Global Ransomware Attacks Reach Record High in 2023

Corvus report outlines trends as separate report links issue to AI tools

February 06, 2024 Photo

Global ransomware attacks were up over 95% in 2023 over 2022 and reached a new record high, according to the Q3 Ransomware Report recently published by Corvus Insurance. Q3 saw an 11.22% increase over Q2, with 1,278 total victims on ransomware leak sites, where the data for the report was collected.

“So far, 2023 ransomware victim numbers have already surpassed what was observed for the entirety of either 2021 or 2022,” the report states. “If things continue on the current trajectory, this could be the first year with over 4,000 ransomware victims posted on leak sites.” The report also notes that this is not the full picture: “Victims posted on leak sites typically don’t pay or delay paying a ransom. But a significant percentage of victims, with best estimates being between 27%-41%, quickly pay threat actors’ demands and thus are never observed on a leak site.”

The industries that experienced the most significant increase in ransomware attacks were law practices at +70%; government at +90%; oil and gas at +142%; and manufacturing at +60%, according to the report.

Factors Contributing to Rising Attacks

According to Corvus, “Usually fairly quiet, CL0P, [a ransomware group,] sprung to life in Q1 by exploiting GoAnywhere file transfer software, impacting over 130 victims. In Q2, they followed up with the mass exploitation of a zero day vulnerability in MOVEit file transfer software totaling 264 victims at the time of this report. The single MOVEit vulnerability accounted for 9% of Q2’s total and 13% of victims in Q3, which contributed significantly to a steadily increasing victim count.” The report notes that, even without CL0P, ransomware numbers would be up 5% in Q3 compared to Q3 2022, and 70% year-over-year in Q3; however, prior to 2023, CL0P only made up a small total of ransomware victims and now represent a significant portion of the total.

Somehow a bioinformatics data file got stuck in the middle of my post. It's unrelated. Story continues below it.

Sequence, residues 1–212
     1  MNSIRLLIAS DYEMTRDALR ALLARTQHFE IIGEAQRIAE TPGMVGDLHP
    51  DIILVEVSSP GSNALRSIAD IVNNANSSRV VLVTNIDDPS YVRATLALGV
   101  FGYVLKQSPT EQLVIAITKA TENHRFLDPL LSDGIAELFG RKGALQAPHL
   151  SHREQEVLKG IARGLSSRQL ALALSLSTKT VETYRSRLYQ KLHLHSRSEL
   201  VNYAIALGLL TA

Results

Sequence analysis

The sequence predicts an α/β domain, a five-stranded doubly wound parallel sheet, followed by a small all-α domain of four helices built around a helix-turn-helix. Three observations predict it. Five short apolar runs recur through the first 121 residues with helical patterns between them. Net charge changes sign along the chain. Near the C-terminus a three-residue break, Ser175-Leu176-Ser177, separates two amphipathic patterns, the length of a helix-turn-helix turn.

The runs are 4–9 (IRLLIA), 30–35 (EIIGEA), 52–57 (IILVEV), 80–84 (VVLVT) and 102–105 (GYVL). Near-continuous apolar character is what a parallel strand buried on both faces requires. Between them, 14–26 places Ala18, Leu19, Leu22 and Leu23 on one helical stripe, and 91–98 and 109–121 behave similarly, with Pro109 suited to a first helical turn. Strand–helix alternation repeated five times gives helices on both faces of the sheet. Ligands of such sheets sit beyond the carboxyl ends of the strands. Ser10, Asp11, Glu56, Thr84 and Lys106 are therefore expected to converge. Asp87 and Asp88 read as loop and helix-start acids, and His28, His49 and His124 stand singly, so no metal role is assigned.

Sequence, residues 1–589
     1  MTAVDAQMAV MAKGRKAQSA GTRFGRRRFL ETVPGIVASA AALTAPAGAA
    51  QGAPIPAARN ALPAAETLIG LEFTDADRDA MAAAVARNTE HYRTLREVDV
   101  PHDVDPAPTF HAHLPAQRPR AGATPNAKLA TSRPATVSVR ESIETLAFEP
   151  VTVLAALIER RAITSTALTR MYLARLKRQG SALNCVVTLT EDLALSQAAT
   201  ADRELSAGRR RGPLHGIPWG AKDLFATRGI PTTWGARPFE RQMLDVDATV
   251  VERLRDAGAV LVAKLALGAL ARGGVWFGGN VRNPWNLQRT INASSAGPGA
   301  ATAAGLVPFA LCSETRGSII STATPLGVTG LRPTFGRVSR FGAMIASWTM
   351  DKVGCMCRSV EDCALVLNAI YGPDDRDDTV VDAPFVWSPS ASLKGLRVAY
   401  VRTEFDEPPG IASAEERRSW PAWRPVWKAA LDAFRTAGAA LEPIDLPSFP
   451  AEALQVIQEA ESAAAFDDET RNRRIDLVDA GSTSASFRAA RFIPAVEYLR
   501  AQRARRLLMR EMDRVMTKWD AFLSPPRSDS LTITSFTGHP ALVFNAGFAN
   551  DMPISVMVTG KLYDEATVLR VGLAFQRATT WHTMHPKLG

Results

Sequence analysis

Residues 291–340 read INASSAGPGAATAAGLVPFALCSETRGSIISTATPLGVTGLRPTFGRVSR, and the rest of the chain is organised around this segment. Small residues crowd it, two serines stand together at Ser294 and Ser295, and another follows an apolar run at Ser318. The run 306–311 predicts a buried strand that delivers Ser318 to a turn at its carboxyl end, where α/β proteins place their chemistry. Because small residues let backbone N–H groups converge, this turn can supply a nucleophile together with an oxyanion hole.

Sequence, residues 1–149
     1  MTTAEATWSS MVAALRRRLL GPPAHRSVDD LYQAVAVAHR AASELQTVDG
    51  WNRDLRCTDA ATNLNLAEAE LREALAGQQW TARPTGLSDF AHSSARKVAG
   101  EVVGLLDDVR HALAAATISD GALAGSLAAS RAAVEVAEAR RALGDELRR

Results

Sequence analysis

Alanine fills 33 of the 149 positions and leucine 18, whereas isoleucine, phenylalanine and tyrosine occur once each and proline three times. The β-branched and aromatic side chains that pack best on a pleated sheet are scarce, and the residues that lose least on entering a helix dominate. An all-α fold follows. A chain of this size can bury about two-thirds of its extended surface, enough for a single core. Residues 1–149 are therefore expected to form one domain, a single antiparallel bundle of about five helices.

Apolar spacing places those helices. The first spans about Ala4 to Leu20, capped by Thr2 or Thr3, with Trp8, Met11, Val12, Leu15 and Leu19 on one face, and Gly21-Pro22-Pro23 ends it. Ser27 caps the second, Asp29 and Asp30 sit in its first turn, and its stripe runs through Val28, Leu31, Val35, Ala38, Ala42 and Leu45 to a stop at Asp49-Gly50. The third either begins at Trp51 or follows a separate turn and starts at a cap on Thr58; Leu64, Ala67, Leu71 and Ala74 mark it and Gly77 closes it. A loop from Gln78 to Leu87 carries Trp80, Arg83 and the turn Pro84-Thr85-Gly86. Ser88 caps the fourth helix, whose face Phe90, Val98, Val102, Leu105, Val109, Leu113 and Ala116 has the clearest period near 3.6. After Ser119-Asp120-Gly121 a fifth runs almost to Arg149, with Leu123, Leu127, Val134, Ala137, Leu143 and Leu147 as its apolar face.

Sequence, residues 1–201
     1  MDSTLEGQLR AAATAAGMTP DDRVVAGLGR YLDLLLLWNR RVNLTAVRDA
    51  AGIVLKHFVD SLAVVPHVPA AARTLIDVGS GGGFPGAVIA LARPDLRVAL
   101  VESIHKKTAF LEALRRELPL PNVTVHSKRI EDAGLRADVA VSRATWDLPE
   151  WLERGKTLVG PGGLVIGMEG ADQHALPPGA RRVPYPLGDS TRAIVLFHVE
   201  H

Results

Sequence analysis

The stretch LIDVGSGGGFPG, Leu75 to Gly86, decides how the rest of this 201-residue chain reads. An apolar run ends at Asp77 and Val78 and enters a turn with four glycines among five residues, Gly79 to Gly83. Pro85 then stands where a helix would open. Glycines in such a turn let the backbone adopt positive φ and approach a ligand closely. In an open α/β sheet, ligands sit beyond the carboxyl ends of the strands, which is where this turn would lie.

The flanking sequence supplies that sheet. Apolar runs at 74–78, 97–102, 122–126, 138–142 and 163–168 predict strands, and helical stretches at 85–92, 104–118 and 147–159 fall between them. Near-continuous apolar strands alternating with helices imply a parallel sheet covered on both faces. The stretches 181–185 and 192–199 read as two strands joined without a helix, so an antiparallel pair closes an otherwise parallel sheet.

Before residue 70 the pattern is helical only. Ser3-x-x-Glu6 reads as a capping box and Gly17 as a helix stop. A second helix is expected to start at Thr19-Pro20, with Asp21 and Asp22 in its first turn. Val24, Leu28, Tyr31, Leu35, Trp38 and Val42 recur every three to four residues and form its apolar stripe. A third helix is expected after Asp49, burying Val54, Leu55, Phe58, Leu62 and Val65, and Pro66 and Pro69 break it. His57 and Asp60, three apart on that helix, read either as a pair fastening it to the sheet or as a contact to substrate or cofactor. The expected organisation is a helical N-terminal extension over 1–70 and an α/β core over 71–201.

Another factor, according to Corvus, was “an unusually long summer break.” Ransomware tends to follow seasonal patterns, the report states. “Cybercrime is perpetrated by human attackers who need to blow off some steam and spend that stolen cash, sometimes on lavish vacations.” As such, a decrease in ransomware is usually seen during the summer months; however, “that decrease came later and was much shorter than we typically observe…[with a] decrease in June as expected. But then ransomware spiked until the end of July and the first half of August.”

Barracuda Networks Identifies AI as a Culprit

Commenting on the trends outlined in the Corvus report, CLM Member Edward F. Donohue, partner, Hinshaw & Culbertson LLP, says, “The increase in ransomware attacks was identified by Barracuda Networks in July of 2023 and was then followed by many alerts on the problem since that time. Barracuda studied the period of August 2022 to July 2022 and found that ransomware attacks had doubled over that period. Barracuda identified the source of the increase was the misuse of AI [artificial intelligence] generative tools to make phishing and ransomware attacks more effective. AI tools can be used to create polymorphic malware that is more efficient in evading security screens.

“The AI tools are being used to make malicious emails appear highly credible,” Donohue continues. “AI conducts advanced research on the victim to make the phishing email appear to come from a safe sender with contextual knowledge. Essentially, that means the phishing email reveals information that only someone with a high level of knowledge of the victim and those with whom they interact would know. It eliminates badges of phishing ranging from typos to making other errors that could have put the recipient on alert that the email was malicious in the past.”

About The Authors
Angela Sabarese

Angela Sabarese, Associate Editor of CLM.

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